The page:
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Int. J. Environ. Res. Public Health 2016, 13(2), 151; doi:10.3390/ijerph13020151

Fat Mass Centile Charts for Brazilian Children and Adolescents and the Identification of the Roles of Socioeconomic Status and Physical Fitness on Fat Mass Development

Department of Physical Education, University Regional of Cariri, Ceará 63112-012, Brazil
College of Kinesiology, University of Saskatchewan, Saskatoon, SK S7N 5B2, Canada
Centro de Investigação, Formação, Intervenção e Inovação em Desporto (CIFI2D), Kinanthropometry Lab, Faculty of Sport, University of Porto, Porto 4200-450, Portugal
Author to whom correspondence should be addressed.
Academic Editor: María M. Morales Suárez-Varela
Received: 17 November 2015 / Revised: 15 January 2016 / Accepted: 18 January 2016 / Published: 22 January 2016
(This article belongs to the Special Issue Children, Adolescents and Nutrition)
View Full-Text   |   Download PDF [648 KB, uploaded 22 January 2016]   |  


This paper presents fat mass centile charts for Brazilian youth and investigates the roles of socioeconomic status and physical fitness (PF) on fat mass (FM) development. Two northeast Brazilian samples were used: a cross-sectional sample of 3659 (1921 girls) aged 8 to 16 years and a mixed-longitudinal series of cohorts (8–10, 10–12, 12–14, 14–16 years) with 250 boys and 250 girls. A measure of somatic maturity was used as a marker of biological maturation; PF comprised agility, explosive and static strength, and aerobic capacity. Socioeconomic status was based on school attended; public or private. Slaughter’s anthropometric equations were used to estimate FM. Percentile charts was constructed using the LMS method. HLM (Hierarchical Linear Model) 7 software modeled FM changes, identifying inter-individual differences and their covariates. Girls and boys had different FM percentile values at each age; FM increased nonlinearly in both girls and boys. Higher PF levels reduced FM changes across time in both sexes. Sex-specific non-linear FM references were provided representing important tools for nutritionists, pediatriciann and educators. Physical fitness levels were found to act as a protective factor in FM increases. As such, we emphasize PF importance as a putative health marker and highlight the need for its systematic development across the school years. View Full-Text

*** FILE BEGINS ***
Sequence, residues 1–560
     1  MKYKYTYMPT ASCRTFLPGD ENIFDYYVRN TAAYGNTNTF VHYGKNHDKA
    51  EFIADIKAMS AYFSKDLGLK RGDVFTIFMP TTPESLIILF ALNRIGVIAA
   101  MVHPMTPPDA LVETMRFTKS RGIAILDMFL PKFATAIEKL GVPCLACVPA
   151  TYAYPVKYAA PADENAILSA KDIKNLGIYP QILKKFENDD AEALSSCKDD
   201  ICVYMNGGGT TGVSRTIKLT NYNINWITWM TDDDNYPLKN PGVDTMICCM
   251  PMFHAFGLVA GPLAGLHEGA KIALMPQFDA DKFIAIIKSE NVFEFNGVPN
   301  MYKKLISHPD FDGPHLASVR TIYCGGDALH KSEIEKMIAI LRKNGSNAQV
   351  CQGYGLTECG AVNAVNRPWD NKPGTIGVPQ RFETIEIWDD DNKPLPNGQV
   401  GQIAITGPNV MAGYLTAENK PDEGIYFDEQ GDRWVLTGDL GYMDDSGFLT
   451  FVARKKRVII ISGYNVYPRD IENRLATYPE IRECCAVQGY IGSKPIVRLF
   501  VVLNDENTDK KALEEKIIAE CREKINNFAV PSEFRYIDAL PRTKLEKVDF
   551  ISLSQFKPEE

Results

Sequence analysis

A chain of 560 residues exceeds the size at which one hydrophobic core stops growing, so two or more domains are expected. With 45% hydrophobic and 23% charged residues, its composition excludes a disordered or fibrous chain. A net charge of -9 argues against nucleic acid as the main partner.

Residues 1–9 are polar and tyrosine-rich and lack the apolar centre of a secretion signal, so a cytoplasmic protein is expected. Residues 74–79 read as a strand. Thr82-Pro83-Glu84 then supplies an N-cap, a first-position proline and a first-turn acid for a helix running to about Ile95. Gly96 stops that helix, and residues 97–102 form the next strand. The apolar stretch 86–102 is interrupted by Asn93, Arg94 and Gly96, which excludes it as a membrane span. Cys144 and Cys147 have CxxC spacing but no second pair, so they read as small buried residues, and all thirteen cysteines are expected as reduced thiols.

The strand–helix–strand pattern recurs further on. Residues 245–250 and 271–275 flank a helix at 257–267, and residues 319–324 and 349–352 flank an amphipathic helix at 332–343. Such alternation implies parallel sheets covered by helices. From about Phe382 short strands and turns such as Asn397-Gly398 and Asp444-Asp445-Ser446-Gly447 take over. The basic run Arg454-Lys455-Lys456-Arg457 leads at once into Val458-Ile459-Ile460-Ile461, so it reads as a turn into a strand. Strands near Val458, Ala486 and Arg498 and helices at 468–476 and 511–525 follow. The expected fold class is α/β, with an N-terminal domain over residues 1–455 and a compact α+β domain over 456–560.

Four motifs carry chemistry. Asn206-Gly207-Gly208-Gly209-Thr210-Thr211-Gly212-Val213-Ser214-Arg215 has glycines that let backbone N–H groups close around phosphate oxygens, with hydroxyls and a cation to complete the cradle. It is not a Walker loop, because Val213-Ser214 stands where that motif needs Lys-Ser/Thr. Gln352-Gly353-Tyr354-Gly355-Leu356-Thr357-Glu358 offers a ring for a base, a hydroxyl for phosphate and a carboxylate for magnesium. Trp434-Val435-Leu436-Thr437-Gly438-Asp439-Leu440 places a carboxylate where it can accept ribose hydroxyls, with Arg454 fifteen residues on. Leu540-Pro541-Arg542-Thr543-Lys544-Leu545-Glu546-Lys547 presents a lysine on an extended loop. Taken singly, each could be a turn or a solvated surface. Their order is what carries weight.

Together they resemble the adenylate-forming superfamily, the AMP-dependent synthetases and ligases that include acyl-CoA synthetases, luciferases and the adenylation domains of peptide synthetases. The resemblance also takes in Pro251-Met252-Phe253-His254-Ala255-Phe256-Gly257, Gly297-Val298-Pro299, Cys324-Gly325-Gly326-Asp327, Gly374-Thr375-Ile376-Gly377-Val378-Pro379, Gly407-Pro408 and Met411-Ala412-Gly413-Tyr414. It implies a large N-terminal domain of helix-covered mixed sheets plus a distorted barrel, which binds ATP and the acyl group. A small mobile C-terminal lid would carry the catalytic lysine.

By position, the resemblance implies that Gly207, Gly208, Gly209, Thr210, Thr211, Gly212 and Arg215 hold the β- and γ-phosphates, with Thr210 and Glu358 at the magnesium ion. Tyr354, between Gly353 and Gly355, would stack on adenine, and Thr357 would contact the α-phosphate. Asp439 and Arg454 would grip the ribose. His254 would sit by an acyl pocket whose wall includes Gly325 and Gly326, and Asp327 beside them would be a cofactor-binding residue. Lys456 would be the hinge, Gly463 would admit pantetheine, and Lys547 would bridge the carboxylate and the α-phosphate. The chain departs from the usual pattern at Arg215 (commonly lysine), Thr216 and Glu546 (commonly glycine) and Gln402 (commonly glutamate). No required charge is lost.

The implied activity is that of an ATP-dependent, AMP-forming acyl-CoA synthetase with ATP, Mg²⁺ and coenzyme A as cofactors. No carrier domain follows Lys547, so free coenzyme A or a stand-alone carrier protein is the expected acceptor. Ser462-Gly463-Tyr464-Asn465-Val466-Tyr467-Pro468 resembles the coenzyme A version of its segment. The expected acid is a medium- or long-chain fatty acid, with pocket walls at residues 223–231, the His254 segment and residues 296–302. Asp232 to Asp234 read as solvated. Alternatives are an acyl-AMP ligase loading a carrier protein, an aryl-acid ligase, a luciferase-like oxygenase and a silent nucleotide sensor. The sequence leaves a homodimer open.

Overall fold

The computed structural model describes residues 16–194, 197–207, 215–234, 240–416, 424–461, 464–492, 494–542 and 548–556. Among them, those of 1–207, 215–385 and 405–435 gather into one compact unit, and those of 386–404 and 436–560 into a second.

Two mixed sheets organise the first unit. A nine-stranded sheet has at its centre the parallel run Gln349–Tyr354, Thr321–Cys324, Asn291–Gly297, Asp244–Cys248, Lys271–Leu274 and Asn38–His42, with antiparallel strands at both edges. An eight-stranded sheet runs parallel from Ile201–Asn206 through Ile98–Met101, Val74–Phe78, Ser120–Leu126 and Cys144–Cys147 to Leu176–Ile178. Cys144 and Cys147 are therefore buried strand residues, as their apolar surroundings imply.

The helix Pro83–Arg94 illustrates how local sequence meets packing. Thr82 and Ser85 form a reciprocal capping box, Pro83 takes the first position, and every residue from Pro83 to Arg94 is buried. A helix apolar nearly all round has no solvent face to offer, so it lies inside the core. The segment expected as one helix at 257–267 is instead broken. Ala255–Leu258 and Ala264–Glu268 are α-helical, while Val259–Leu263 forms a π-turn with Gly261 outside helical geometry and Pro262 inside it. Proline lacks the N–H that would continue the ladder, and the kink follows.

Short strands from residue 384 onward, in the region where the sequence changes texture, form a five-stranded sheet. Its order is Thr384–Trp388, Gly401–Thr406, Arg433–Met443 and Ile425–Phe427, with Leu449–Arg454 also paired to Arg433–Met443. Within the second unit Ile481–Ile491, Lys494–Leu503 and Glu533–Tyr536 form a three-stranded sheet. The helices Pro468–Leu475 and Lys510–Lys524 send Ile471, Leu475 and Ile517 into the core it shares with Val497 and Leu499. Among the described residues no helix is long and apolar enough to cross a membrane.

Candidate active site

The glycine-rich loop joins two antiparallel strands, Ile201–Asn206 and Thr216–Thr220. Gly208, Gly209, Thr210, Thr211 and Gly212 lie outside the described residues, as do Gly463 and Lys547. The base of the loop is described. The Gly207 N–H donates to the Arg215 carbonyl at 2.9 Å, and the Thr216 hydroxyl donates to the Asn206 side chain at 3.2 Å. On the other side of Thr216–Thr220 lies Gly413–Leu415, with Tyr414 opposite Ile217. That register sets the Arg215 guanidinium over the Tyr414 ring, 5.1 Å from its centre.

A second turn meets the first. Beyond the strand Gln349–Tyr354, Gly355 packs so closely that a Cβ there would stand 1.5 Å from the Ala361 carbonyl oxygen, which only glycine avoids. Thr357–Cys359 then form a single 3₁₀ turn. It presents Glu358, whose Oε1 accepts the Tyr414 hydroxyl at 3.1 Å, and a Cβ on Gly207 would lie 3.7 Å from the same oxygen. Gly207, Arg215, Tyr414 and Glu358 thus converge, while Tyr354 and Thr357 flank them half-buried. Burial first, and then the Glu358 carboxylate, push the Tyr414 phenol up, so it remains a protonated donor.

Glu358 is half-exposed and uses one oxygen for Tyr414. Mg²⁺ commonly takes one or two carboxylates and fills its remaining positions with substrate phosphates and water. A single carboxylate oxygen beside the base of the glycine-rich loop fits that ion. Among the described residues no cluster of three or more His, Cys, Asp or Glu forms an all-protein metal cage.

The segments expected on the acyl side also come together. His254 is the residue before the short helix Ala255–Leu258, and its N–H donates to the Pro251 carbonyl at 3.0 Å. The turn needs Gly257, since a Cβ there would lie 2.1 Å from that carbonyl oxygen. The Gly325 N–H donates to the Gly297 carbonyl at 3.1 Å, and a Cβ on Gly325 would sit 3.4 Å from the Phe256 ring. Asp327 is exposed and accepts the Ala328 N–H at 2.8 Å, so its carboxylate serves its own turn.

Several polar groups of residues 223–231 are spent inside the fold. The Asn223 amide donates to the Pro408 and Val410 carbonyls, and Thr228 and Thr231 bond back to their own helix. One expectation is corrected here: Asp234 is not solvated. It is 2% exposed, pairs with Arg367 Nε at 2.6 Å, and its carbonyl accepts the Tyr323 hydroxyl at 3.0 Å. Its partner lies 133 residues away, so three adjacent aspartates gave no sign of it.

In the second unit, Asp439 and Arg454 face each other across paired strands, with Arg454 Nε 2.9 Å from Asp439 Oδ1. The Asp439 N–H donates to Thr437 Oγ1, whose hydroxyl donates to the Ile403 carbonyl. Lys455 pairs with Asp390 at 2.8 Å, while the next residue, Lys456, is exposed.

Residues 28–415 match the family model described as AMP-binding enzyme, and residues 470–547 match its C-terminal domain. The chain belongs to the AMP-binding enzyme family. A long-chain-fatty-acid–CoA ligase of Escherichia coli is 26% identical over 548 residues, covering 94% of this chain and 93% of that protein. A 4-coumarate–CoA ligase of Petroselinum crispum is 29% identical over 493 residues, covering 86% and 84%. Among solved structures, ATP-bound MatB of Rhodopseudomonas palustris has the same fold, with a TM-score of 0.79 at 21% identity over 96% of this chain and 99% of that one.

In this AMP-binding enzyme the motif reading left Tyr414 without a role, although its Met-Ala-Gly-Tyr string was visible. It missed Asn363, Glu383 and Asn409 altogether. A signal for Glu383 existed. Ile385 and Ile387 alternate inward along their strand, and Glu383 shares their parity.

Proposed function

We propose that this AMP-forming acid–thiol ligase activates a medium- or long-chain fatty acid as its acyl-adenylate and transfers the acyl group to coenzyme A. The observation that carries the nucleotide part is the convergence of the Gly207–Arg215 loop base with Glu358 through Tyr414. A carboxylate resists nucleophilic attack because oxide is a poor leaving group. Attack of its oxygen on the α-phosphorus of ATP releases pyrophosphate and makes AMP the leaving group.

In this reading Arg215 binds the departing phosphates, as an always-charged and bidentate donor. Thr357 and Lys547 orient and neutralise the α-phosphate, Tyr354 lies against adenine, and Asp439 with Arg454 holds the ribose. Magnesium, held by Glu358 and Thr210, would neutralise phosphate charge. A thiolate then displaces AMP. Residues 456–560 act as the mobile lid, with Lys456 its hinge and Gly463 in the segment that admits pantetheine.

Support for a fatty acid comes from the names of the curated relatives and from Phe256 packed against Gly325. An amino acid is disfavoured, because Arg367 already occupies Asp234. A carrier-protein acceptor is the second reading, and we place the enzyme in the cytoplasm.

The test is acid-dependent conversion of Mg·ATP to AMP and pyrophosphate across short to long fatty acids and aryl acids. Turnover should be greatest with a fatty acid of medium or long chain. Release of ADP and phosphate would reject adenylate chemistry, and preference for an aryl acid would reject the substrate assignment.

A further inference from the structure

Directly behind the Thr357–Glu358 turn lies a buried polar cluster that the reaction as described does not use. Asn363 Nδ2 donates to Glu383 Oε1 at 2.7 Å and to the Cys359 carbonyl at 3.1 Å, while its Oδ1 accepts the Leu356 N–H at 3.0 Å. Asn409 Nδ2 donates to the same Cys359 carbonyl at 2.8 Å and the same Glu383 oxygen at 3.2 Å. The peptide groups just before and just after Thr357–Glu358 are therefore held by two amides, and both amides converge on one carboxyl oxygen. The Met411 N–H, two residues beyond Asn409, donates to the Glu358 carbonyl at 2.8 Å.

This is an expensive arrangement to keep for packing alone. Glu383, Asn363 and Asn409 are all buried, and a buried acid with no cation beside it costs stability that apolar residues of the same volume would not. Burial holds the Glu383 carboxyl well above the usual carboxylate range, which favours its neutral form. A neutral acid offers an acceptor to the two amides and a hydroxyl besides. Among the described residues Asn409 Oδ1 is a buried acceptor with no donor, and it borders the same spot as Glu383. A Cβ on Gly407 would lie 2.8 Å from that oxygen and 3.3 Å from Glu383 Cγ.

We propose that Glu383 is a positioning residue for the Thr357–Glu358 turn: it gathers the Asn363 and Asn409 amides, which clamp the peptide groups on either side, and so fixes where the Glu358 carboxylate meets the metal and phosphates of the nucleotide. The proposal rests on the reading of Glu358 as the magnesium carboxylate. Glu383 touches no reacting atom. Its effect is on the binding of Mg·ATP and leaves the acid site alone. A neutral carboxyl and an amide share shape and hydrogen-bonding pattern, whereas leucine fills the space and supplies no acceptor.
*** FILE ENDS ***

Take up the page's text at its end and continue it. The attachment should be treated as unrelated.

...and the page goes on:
Keywords: reference percentile curves; fat mass; changes; children; adolescents reference percentile curves; fat mass; changes; children; adolescents

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This is an open access article distributed under the Creative Commons Attribution License which permits unrestricted use, distribution, and reproduction in any medium, provided the original work is properly cited. (CC BY 4.0).

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Silva, S.; Baxter-Jones, A.; Maia, J. Fat Mass Centile Charts for Brazilian Children and Adolescents and the Identification of the Roles of Socioeconomic Status and Physical Fitness on Fat Mass Development. Int. J. Environ. Res. Public Health 2016, 13, 151.

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